Buratto et al12 introduced an excimer laser for intrastromal keratomileusis of the corneal button in 1992, and suggested the term laser intrastromal keratomileusis. The next year, Stephen G. Slade, MD, of Houston, Texas, used the automated microkeratome to create a flap. He called the procedure excimer ALK (E-ALK) or flap and zap.13 In 1994, our team reported the early experience of LASIK on sighted eyes as well as the first study comparing LASIK and PRK.14,15 LASIK proved superior to PRK in terms of stability and predictability for the correction of myopia greater than 10.00 D. In 1999, the SVS Apex Plus Excimer Laser (Summit Technology) was FDA-approved for LASIK.16
THE FUTURE OF LASIK
We believe LASIK will remain the most popular corneal refractive procedure. We can expect ongoing evolution in the field of microkeratomes, excimer lasers, and wavefront technology. These technologies should ensure high levels of patient satisfaction after LASIK.
1. Barraquer JI. Queratoplastia refractiva. Estudios Inform. 1949;10:221.
2. Swinger CA, Barker BA. Prospective evaluation of myopic keratomileusis. Ophthalmology. 1984;91:785-792.
3. Nordan LT, Fallor MK. Myopic keratomileusis: 74 consecutive non-amblyopic cases with one year follow-up. J Refract Surg. 1986;2:124-128.
4. Maquire LJ, Klyce SD, Sawelson H, et al. Visual distortion after myopic keratomileusis: computer analysis of keratoscope photographs. Ophthalmic Surg. 1987;18:352-356.
5. Nordan LT. Keratomileusis. Int Ophthalmol Clin. 1991;31:7-12.
6. Barraquer C, Guitierrez A, Espinoza A. Myopic keratomileusis: short term results. Refract Corneal Surg. 1989;5:307-313.
7. Pallikaris I, Papatzanaki M, Stathi EZ, et al. Laser in situ keratomileusis. Lasers Surg Med. 1990;10:463-468.
8. Pallikaris I, Papatzanaki M, Georgiadis A, Frenschock O. A comparative study of neural regeneration following corneal wounds induced by argon fluoride excimer laser and mechanical methods. Lasers Light Ophthalmol. 1990;3:89-95.
9. Pureskin N. Weakening ocular refraction by means of partial stromectomy of the cornea under experimental conditions. Vestn Oftalmol. 1967;8:1-7.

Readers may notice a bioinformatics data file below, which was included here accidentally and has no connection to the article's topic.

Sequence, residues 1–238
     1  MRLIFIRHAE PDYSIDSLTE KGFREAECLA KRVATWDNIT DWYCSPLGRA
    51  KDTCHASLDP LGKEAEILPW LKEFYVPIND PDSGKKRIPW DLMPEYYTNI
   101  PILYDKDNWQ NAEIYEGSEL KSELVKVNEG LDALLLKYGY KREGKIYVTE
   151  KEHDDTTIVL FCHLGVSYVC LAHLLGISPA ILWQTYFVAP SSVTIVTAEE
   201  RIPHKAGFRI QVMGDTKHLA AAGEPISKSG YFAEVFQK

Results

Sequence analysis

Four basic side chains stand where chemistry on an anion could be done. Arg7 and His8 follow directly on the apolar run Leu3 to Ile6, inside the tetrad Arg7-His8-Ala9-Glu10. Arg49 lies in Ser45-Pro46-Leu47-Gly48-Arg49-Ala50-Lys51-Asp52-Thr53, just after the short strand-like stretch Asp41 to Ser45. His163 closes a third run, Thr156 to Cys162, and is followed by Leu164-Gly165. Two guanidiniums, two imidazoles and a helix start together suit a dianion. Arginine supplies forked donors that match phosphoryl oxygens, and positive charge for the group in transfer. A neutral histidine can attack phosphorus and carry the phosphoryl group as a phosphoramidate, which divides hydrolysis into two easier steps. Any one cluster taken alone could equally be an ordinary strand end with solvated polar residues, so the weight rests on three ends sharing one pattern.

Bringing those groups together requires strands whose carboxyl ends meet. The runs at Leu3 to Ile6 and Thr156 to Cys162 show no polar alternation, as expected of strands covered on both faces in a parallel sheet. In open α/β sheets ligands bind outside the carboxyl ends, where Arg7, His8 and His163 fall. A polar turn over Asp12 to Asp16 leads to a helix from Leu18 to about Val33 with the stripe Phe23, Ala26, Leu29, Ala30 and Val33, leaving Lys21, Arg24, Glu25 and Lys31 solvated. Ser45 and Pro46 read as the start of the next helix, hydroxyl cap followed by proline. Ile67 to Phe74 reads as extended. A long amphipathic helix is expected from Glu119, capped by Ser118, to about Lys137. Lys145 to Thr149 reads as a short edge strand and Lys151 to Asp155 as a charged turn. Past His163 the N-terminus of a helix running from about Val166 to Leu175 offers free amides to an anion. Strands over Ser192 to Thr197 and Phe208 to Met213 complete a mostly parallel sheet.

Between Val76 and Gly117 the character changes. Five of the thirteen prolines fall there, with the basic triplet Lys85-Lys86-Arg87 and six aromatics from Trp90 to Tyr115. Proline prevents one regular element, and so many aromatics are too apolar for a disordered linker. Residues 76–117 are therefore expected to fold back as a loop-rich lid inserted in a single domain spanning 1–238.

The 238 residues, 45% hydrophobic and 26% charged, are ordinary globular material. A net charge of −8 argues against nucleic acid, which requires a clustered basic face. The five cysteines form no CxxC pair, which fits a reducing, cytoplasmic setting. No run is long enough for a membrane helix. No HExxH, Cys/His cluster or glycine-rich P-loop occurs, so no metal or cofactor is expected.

10. Pallikaris IG, Papatzanaki ME, Siganos DS, Tsilimbaris MK. A corneal flap technique for laser in situ keratomileusis. Arch Ophthalmol. 1991;109:1699-1702.
11. Siganos DS, Pallikaris IG. Laser in situ keratomileusis in partially sighted eyes. Invest Ophthalmol Vis Sci. 1993;34:800.
12. Buratto L, Ferrari M, Rama P. Excimer laser intrastromal keratomileusis. Am J Ophthalmol. 1992;113:291-295.
13. Slade SG. Lamellar refractive surgery. Semin Ophthalmol. 1994;9(2):117-124.
14. Pallikaris IG, Siganos DS. Excimer laser in situ keratormleusis and photorefractive keratectomy for the correction of high myopia. J Refract Corneal Surg. 1994;10:498-510.
15. Pallikaris IG, Siganos DS. Corneal flap technique for excimer laser in situ keratomileusis to correct moderate and high myopia: two-year follow-up. Paper presented at: the ASCRS Symposium on Cataract, IOL and Refractive Surgery, 1994. pp. 9-17.
16. FDA Talk Paper. FDA’s report on new health care products approved in 1999. Available at: http:// www.fda.gov/bbs/topics/ANSWERS/ANS00998.html. Accessed March 9, 2004.
Equally impressive is a patient satisfaction rate of 95.4%, gleaned from a meta-analysis of the global LASIK literature.2 These kinds of results were independently confirmed in the Patient-Reported Outcomes With LASIK (PROWL) studies. In the FDA-sponsored questionnaire PROWL 1 and PROWL 2 studies, a patient satisfaction rate of greater than 96% was reported.3 If there is another surgical procedure with a higher satisfaction rate, I am unaware of it.
These achievements have been made possible by continual improvements in LASIK techniques and technologies, including the introduction of the femtosecond laser for flap creation (Figure and video below) and the development of aberrometry-driven excimer laser procedures.4